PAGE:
What emerged was an amazing convergence of thoughts and feelings across circumstance and geography. This wasn't a conventional political narrative – it was warm and human, resilient and rebellious, grand and everyday. Rooted in lived experiences but lit with possibility.
Imagine you have woken up in the Australia of your dreams. What is it like?
The resulting vision rests upon nine equally important and connected pillars: 1. A First People celebrated at the very heart of what it means to be Australian
2. A natural world for now and the
3. An economy for the people
4. A society where all contributions
count and every job has dignity
5. A diversity of people living
6. A country of flourishing communities 7. A new dawn for women
8. A thriving democracy
9. A proud contributor to a just world
The Uluru Statement from the Heart
Over the course of 2016-17, the Referendum Council7 conducted 13 regional dialogues with First Nations people. This was a truly remarkable exercise. Spanning geographies, languages, cultures and histories this process sought to find common ground.
It represented a critical turning point for First Nations people in developing their own agreed agenda and path forward. This culminated in the first Australian First Nations Constitutional Convention in May 2017 – the 50th anniversary of the 1967 constitutional referendum.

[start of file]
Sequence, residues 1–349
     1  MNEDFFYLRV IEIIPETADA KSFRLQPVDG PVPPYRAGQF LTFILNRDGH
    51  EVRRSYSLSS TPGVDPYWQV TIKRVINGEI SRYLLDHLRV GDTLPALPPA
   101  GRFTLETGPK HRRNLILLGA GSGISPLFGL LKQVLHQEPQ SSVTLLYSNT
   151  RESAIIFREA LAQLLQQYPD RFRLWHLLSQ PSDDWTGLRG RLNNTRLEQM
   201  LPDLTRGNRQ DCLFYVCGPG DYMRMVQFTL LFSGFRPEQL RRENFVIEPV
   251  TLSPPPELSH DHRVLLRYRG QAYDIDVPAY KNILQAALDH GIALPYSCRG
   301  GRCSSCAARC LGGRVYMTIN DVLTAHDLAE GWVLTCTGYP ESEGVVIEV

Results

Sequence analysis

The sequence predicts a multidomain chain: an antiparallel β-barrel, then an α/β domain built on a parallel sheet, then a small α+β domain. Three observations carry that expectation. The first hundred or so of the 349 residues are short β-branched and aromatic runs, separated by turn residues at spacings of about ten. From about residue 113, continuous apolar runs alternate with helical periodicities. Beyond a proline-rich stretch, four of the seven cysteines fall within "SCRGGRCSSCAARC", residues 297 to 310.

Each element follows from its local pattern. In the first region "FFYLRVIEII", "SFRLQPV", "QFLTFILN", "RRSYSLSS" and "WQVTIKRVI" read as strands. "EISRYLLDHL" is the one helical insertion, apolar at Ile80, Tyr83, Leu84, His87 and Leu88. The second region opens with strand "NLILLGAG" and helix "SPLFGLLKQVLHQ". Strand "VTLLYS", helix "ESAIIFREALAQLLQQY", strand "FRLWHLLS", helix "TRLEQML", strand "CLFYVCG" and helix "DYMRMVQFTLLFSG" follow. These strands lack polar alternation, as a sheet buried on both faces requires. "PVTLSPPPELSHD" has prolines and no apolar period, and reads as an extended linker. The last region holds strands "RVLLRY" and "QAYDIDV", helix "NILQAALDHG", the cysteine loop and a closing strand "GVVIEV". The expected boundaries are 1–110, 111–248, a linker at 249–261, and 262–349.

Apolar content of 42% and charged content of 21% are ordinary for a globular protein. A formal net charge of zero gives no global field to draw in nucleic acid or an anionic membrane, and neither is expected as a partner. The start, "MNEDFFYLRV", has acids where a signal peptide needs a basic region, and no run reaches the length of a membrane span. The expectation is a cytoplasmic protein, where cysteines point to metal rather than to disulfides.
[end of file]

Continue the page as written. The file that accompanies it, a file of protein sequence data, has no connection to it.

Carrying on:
It was time for something very different. It came off years of being spoken for, of undelivered promises, of empty symbolic gestures. As Megan Davis summed it up: “our people are getting old. Too many bark petitions, too many statements.”
The Uluru Statement from the Heart9 emerged from that Convention at Uluru. It is an extraordinary document – full of beauty, pain, grace and conviction. It is an invitation from First Nations people to non-indigenous Australians to listen, hear and walk with them in their quest for Voice, Treaty, Truth.
It calls for a First Nations Voice to the Australia Parliament, enshrined in the Constitution. A Makarrata Commission – a ‘peace making process' for truth telling and agreement making. And ultimately, keeping faith with the theme of the statement, “a better future for our children based on justice and self-determination”.
When Desire Lines converge